Have you already created your inheritance plan? If not, you are hardly alone. Over half of all Americans do not have an estate (inheritance) plan in place despite admitting that they are aware of the need for one. One of the most frequently offered explanations for the lack of a plan is not knowing where, or how, to begin. Given the fact that inheritance planning is not something most people know much about, this explanation makes sense. If you fall into the category of people who have yet to start your inheritance planning because you don’t know how to go about doing so, you may benefit from the following Garden City inheritance planning check list.
Inheritance Planning Basics
Before looking over the following inheritance planning check list, it may help to learn a few estate planning basics. Although your primary goal may initially be to create the framework for the distribution of your estate assets after your death, keep in mind that a comprehensive estate plan can accomplish a number of additional goals and objectives as well. As you read through the check list, some of those additional goals and objectives will become clear.
Your Inheritance Planning Check List
Keep in mind that some of the items on the check list may not apply to your specific situation, or may apply to you later on in your life.
- Defining goals. Before you can really get started with your inheritance plan you need to sit down and define your estate planning goals. Ensuring that you do not leave behind an intestate estate may be your primary incentive to create your plan; however, you will likely have related goals you wish to achieve with your plan as well, such as incapacity planning.
- Assessing your assets and liabilities. You undoubtedly have a pretty good idea of what your net worth is; however, when you start focusing on the details of your inheritance plan you will need details relating to your assets and liabilities as well. The easiest way to handle this is to make two lists – one for assets and one for liabilities. Include as much information as possible by each entry so your Executor can use the lists as well when the time comes to probate your estate.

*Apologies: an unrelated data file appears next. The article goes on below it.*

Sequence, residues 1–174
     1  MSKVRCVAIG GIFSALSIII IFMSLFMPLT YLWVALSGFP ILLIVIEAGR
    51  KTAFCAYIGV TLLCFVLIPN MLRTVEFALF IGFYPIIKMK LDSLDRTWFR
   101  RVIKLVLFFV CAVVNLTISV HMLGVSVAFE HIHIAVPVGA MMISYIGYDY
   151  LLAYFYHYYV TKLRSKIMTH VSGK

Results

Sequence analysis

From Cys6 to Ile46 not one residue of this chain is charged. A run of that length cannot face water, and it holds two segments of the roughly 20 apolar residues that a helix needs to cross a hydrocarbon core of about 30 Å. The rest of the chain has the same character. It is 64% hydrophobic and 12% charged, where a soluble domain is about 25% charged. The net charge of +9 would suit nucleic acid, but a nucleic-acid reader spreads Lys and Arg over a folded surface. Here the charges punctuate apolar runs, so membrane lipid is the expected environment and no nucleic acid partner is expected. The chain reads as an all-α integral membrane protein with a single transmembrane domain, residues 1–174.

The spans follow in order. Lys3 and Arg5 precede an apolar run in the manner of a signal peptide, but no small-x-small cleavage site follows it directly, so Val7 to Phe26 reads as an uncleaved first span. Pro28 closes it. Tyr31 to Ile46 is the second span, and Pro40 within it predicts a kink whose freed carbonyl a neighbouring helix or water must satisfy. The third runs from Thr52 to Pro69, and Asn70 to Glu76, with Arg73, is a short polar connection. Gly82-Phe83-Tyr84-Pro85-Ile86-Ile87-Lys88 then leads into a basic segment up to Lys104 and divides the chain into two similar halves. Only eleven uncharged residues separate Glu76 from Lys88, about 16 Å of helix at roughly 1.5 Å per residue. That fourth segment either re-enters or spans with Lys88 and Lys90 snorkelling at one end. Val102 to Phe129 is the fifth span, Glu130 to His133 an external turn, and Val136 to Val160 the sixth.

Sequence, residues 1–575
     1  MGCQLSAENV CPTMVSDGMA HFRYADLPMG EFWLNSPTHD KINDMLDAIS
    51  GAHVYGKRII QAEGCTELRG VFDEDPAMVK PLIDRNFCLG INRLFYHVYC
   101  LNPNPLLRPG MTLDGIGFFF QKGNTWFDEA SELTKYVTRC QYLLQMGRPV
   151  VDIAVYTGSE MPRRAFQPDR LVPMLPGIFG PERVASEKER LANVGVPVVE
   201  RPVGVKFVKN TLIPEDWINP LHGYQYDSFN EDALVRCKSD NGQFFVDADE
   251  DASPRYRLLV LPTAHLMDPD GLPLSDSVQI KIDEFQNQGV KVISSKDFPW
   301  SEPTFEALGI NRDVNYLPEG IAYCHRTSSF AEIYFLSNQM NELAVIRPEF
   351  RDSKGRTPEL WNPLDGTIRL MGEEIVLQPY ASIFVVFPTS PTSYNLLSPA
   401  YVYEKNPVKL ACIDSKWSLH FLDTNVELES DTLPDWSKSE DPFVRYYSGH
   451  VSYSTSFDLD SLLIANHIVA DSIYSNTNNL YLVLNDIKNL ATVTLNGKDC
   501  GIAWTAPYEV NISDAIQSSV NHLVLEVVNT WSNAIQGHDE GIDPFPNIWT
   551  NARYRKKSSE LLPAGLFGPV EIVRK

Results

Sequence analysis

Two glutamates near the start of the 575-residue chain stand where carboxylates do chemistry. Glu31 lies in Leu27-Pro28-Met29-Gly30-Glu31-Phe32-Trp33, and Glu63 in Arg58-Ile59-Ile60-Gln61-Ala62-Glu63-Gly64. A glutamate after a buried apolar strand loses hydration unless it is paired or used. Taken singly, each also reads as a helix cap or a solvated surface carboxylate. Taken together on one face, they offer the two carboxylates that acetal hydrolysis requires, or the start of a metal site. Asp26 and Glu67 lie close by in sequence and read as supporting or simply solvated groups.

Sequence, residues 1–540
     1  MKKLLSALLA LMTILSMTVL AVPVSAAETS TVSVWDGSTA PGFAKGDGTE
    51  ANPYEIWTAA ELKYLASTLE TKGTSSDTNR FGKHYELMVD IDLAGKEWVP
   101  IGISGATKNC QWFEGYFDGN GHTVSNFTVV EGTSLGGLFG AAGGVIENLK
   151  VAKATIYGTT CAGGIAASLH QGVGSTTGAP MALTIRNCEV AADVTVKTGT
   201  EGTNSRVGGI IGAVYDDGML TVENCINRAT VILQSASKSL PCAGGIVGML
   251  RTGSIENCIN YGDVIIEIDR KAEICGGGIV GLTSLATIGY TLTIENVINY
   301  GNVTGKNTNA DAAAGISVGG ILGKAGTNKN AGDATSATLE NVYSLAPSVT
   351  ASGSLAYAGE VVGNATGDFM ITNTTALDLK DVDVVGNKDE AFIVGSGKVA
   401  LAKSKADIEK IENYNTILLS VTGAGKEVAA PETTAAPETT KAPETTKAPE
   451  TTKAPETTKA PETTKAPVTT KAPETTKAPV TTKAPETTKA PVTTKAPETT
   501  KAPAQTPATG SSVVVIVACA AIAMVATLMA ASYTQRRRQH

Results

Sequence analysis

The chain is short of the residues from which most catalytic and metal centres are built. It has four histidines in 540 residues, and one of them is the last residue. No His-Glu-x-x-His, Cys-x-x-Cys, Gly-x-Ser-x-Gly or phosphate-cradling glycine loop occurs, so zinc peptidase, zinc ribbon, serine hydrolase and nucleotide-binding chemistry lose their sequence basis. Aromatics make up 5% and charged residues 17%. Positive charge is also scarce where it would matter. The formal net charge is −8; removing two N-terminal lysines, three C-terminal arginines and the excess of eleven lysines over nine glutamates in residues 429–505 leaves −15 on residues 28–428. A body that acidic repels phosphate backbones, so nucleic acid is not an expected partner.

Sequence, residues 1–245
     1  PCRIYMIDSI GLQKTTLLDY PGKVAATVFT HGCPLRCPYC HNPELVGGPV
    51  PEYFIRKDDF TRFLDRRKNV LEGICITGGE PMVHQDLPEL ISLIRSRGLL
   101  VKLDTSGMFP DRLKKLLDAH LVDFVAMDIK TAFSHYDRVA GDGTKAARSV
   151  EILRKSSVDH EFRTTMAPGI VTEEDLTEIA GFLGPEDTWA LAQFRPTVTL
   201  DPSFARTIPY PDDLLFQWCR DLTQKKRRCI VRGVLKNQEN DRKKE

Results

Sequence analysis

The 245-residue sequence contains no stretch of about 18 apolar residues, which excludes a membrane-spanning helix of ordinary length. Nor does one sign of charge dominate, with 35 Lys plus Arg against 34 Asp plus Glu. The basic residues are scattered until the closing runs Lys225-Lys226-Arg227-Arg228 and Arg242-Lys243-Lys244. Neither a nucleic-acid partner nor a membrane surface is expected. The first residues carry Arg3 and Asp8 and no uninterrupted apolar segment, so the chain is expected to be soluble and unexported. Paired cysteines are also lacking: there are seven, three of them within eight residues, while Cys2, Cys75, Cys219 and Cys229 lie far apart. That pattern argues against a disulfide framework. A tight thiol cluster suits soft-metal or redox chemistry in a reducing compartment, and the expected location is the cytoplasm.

- Identifying beneficiaries and special bequests. Your primary beneficiaries are easy – spouse, children, family and friends; however, you may also want to add a charity or even your family pet once you really think about it. Also, start thinking about specific bequests you wish to make,
- Choosing fiduciaries. Do not make the common mistake of appointing fiduciaries, such as your Executor or a Trustee, without taking the time to really consider who is right for the position.
- Protecting a minor child’s inheritance. If you are a parent, keep in mind that your minor child cannot inherit directly from your estate. It is crucial that you include tools, such as a trust, to protect your child’s inheritance until he/she reaches the age of majority.
- Planning to avoid probate. This will become more important as your estate, and your family, grows. Probate can be costly, both in terms of time and money. Fortunately, there are several tools and strategies that you may be able to use to help your estate avoid probate. The key is to limit your probate assets because not all assets are required to go through probate. Commonly used assets that bypass the probate process (non-probate assets) include:
- Assets held in a trust
- Certain types of jointly held property
- Proceeds of a life insurance policy
- Assets held in an account designated as “payable on death (POD)” or “transfer on death (TOD)”
- Most retirement and pension accounts
- Consulting with an experienced inheritance planning attorney. Once you are ready to sit down and put your inheritance plan together, you need to consult with an experienced inheritance planning attorney. Do not make the mistake of trying to DIY your inheritance plan. The Do-It-Yourself forms you find on the internet will almost always create problems for your loved ones when it comes time to actually probate your estate. The relatively small account of money you save now could end up costing your loved ones a small fortune in legal fees down the road.
Contact Garden City Inheritance Planning Lawyers
For more information, please download our FREE estate planning worksheet. If you have questions or concerns about inheritance planning, or you are ready to get started on your plan, contact the experienced estate planning lawyers at the Law Offices of Kobrick & Moccia by calling 800-295-1917 to schedule your appointment.
Latest posts by Anthony Moccia (see all)
- Can I Do Anything to Prevent Someone from Contesting My Will? - October 17, 2019
- Use Trust Protectors for Added Protection and Flexibility - October 15, 2019
- How Will You Obtain the Care You Need? - October 10, 2019